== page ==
Film Review: The Sand

Screen Shot 2016-01-13 at 17.26.15

Originally published on The National Student on 26/10/15. 

2-stars

Scrabbling for dark laughs like something straight out of the 80s, Isaac Gabaeff’s debut is a crowd-pleasing creature-feature, but one which doesn’t connect the dots as well as it should. 

The Sand begins and ends with its killer premise: a group of severely hungover teens wake up the night after a beach-party to find that the sand itself (or perhaps a creature living within it) has begun to casually consume their drunk friends whilst they slept.

Trapped in a lifeguard tower, a convertible, a picnic bench and a hollowed-out bin respectively, the troubled party-goers attempt to find a way to escape their new and ongoing nightmare, but soon find that not touching the sand on a beach is easier said than done. 

If you thought you’d seen it all before, think again – because Gabaeff’s film definitely wins points for originality. It’s a set-up so bizarre and weirdly funny that the whole first act of the film seems to be powered by the novelty of it alone.

In fact, the bare-bones of it – a slasher-come-survival tale set entirely in one location – keeps things incredibly fresh early on, and allows the humour to do its bit rather well, as the violence ticks along nicely. But then, unsurprisingly, The Sand’s narrative begins to run out of steam pretty quickly and this supposed innovation crumbles into pretty much nothing.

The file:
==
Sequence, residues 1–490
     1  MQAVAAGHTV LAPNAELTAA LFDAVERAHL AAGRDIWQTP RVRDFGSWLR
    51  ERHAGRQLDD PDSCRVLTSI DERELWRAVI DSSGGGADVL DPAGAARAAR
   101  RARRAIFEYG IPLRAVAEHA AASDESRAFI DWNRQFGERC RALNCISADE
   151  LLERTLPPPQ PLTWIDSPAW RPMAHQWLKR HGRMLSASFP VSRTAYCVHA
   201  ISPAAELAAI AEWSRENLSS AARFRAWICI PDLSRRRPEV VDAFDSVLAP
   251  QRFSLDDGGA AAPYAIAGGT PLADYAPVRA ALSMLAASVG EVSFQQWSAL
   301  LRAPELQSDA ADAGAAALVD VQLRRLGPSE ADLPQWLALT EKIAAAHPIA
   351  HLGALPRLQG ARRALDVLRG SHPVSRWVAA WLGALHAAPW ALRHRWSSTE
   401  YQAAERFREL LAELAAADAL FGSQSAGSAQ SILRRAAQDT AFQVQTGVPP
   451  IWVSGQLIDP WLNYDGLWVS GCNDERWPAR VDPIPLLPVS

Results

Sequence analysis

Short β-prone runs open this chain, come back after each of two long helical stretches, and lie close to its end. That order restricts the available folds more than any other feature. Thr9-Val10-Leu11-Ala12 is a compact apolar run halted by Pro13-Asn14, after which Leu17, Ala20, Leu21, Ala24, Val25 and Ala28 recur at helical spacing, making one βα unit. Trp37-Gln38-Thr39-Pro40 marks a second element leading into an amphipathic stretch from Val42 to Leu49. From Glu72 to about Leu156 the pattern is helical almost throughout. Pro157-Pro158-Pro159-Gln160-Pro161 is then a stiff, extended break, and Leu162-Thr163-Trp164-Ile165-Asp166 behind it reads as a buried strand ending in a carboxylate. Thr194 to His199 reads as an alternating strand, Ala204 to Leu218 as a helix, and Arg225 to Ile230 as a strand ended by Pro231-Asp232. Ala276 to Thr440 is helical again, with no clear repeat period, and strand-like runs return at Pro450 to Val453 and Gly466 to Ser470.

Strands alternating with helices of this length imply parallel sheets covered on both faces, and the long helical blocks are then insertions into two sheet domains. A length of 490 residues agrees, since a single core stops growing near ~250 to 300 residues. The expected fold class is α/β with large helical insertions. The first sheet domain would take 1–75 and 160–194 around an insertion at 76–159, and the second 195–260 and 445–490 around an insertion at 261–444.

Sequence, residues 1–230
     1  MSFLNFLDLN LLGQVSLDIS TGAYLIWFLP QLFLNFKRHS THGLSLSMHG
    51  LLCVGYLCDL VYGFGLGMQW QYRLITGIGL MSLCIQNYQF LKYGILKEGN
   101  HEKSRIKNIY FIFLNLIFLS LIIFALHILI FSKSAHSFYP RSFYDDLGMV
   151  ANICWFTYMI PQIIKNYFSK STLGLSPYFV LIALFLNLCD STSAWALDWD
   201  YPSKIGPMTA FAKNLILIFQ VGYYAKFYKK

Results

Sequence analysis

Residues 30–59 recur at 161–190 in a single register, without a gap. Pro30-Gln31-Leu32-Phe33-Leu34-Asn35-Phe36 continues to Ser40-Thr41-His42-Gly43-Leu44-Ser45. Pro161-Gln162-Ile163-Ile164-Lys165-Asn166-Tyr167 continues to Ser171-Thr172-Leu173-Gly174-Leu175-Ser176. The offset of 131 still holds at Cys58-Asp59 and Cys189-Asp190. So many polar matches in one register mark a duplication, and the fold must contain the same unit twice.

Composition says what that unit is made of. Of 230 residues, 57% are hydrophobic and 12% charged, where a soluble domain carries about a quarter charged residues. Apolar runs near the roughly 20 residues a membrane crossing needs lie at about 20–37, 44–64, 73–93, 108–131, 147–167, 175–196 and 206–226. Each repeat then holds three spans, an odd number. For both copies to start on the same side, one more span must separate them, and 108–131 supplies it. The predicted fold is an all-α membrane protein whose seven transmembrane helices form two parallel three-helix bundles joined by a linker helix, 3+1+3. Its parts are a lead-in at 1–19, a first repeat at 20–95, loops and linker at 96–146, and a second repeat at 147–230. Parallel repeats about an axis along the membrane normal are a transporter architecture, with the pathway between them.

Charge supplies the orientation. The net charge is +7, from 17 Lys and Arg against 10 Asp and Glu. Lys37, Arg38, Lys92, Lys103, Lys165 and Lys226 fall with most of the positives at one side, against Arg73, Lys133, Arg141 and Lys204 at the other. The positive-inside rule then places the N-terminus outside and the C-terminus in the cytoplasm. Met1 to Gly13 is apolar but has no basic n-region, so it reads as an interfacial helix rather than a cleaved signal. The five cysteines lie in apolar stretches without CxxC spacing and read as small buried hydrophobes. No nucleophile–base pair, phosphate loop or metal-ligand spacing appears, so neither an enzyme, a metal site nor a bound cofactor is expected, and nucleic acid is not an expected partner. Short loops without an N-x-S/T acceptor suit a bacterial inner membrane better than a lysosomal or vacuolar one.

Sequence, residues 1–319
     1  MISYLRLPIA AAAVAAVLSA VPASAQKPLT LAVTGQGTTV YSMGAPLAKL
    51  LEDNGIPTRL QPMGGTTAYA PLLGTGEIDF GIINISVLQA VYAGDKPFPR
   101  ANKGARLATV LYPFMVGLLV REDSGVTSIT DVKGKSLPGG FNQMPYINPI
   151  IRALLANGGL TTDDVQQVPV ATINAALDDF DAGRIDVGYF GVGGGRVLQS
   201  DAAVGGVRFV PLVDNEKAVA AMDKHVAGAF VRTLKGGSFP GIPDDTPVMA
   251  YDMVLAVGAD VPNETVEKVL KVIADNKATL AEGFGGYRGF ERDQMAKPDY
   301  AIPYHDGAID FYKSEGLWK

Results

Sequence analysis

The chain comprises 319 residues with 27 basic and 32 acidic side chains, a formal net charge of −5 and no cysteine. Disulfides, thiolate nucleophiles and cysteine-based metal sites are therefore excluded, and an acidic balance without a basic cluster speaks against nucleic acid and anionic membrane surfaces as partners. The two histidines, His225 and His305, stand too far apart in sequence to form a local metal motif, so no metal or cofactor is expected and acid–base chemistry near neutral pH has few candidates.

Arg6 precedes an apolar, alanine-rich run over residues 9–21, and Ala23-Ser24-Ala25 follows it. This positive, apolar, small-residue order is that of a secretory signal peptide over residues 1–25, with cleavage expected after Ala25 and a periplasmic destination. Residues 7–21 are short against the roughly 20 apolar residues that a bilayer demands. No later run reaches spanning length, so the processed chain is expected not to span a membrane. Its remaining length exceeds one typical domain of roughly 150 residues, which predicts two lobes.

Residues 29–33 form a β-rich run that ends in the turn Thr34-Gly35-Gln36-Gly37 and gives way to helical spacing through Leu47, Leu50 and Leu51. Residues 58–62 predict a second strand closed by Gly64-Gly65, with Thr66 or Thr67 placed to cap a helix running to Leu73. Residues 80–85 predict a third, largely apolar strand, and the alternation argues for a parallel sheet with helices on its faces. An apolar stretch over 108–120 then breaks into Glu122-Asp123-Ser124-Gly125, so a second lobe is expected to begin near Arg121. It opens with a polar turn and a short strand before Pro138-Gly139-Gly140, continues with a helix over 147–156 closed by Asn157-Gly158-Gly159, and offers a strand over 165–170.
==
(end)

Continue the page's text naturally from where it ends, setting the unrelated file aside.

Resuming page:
There’s only so many ways you can be entertained by a ditzy American teenager being eaten alive by sand worms, and with very, very little characterisation (to the point where even names are a little blurry) it’s impossible to care at all for anyone involved in the predicament.

As expected, the teens begin to gradually attempt different escape options, ranging from shouting loudly at each other, to laying down surf boards, and again rather predictably, almost none of them succeed and most lead to some sort of partially violent death. The problem here is that the deaths themselves stop being tense or horrifying or even funny fairly quickly as well, as they’re all pretty much the same in their presentation. 

It’s understandable that Gabaeff angled for digital effects here considering the film’s insanely lean budget, but there’s no excuse for the early Playstation-level graphics that make for some severely dull action sequences, constantly undermining any sense of real enjoyment, particularly during the sadly underspent finale.

Not to mention the dozens of random birds and assorted wildlife painted into the background for no real reason. At times it’s even impossible to tell what the effect was actually supposed to be showing; there’s no real texture to any of it and thus, no real danger either. 

It’s a shame because at it’s core, The Sand is a loud and brash monster movie that wants to be tonnes of fun, it’s just constantly let down by the fact that its cast of characters are almost entirely faceless, its jokes are incredibly one-note, and its effects are Syfy-channel level abysmal.

There is some fun to be had here, but barely any of it seems to be intentional. 

The Sand (2015), directed by Isaac Gabaeff, is out now in the UK and can be found through VOD. 

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